Home (+ hometown swap): San Francisco, CA
Profession: Connecting people and processes within the tech start-up world.
How did you first get involved in food swapping? How long ago?
I can't even remember how I initially found out about the SF Food Swap, but seeing that I obsessively trawl the internet for food-related things, it was only a matter of time before I got reeled in. My first swap was in 2012. I made balsamic roasted strawberries and baked biscuits for samples. I remember being so awed by the thoughtful creations: vanilla kumquat compote, candy cap mushroom cookies, sugar-frosted flowers...
What did you make for the last food swap and what inspired your choice?
I made two things: a savory eggplant spread and miso caramel. I've had a long-time love affair with eggplant and had recently made baba ghanoush without tahini simply because I hadn't any handy. To make up for it, I amped up the paprika. The result was so delicious that I wanted to make more of it and share. As for the miso caramel, I'm a baker at heart, so my mind tends to sway towards the sweet for food swaps. However, I wanted to make something slightly off the beaten trail, and miso pairs so well with the savory smokiness of a dark caramel.
|Savory eggplant at the March 2015 swap|
I really love the creative inspiration I get from going to a food swap. It's a great opportunity to use ingredients (cara cara orange mostarda, chocolate adobo...) that I wouldn't have made myself.
Who or what most influences your cooking?
I read about food voraciously, devouring cookbooks, food history books, food politics books. But I think my cooking has been most strongly shaped by three people: my mother; my butchery/charcuterie guru, Kate; and my friend and food soul mate, Jon. Growing up, I was my mother's unknowing sous chef, washing and prepping all manner of Asian greens and cleaning cuts of meat as she turned out amazing Vietnamese dishes. I spent a month learning to butcher and make charcuterie with Kate in Gascony. In addition to getting me technically attuned to pig anatomy and my boning knife, she's taught me volumes about what it means to cook good food. Lastly, it was Jon who pulled me into the culinary milieux of San Francisco, convincing me at the tender age of twenty-one that I must invest in a KitchenAid stand mixer and food processor (of course, he was right).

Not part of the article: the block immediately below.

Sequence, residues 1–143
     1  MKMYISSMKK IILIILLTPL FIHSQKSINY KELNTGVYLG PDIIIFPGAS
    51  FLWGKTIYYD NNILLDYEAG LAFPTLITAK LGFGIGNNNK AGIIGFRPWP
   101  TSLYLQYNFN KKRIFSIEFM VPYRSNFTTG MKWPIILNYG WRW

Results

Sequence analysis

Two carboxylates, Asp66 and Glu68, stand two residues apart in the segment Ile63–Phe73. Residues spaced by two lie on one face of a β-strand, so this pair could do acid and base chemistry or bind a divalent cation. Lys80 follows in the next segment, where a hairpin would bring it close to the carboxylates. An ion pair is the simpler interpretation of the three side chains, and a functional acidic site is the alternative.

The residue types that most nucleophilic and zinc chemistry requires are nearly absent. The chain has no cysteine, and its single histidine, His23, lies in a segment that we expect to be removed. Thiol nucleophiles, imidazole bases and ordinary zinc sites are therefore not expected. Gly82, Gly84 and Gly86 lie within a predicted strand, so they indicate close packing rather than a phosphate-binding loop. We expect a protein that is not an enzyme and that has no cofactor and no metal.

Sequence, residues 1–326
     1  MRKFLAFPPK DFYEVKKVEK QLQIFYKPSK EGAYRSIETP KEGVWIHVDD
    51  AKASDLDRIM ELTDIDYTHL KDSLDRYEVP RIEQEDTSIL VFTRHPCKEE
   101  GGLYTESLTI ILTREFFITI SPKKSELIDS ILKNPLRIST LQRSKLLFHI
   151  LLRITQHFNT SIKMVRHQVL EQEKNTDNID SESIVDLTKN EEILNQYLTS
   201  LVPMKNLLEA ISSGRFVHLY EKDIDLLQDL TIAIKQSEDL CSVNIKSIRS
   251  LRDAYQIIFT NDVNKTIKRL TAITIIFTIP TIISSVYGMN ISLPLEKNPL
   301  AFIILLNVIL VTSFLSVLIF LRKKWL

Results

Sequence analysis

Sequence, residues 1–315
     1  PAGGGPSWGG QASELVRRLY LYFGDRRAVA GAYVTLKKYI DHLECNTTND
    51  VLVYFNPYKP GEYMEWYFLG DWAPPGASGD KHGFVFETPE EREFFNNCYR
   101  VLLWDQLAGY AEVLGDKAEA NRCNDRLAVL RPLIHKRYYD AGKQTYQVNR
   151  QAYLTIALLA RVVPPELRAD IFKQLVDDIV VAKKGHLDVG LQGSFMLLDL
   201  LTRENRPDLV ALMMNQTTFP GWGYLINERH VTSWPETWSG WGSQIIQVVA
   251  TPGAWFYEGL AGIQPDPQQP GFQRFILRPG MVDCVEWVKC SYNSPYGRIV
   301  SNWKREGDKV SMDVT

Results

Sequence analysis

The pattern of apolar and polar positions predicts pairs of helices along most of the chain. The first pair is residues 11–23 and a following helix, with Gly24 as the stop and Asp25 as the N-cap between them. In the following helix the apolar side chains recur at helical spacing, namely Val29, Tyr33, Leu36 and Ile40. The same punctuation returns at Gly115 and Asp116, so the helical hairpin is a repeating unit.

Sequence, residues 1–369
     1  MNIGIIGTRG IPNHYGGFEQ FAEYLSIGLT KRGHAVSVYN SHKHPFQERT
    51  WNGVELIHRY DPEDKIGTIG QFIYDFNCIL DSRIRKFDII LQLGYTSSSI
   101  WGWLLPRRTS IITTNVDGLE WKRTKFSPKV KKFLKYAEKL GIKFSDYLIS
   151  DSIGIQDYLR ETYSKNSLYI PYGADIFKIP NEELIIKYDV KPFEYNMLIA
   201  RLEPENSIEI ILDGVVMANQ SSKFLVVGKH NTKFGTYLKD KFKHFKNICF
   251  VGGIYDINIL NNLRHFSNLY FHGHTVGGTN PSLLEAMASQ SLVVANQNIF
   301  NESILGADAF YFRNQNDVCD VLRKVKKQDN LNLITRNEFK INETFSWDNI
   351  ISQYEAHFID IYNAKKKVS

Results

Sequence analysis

|Balsamic Roasted Strawberries with Baked Biscuits|
What’s your favorite kitchen tool?
My stand mixer should be a given, seeing that I bake as much as I do. I also love my chef's knife (a Global) and bench scraper (it makes even the untidiest surfaces tidy!).
Your current flavor or ingredient obsession?
After years of riding the Californian-Italian-New American high, I'm finding my passion newly renewed in South East Asian flavors. The brightness, the pungency one finds in food from that corner of the world is unlike any other flavor profile.
Biggest food surprise?
Spanish tapas. Without a firm foothold in the US and with an unfortunate run of uninformed eating choices as a college student in Barcelona, tapas fell vertiginously low in my eyes. In my then-quite limited experience, tapas were overly heavy: a mess of potatoes, cheese, and grease. They remained decried for nearly a decade, until I returned to Barcelona with a tapas treasure map drawn out by Jon. The ah-ha moment was reached, and not long after cemented in the celebrated pintxos bars of San Sebastian. I was so incredibly wrong about tapas.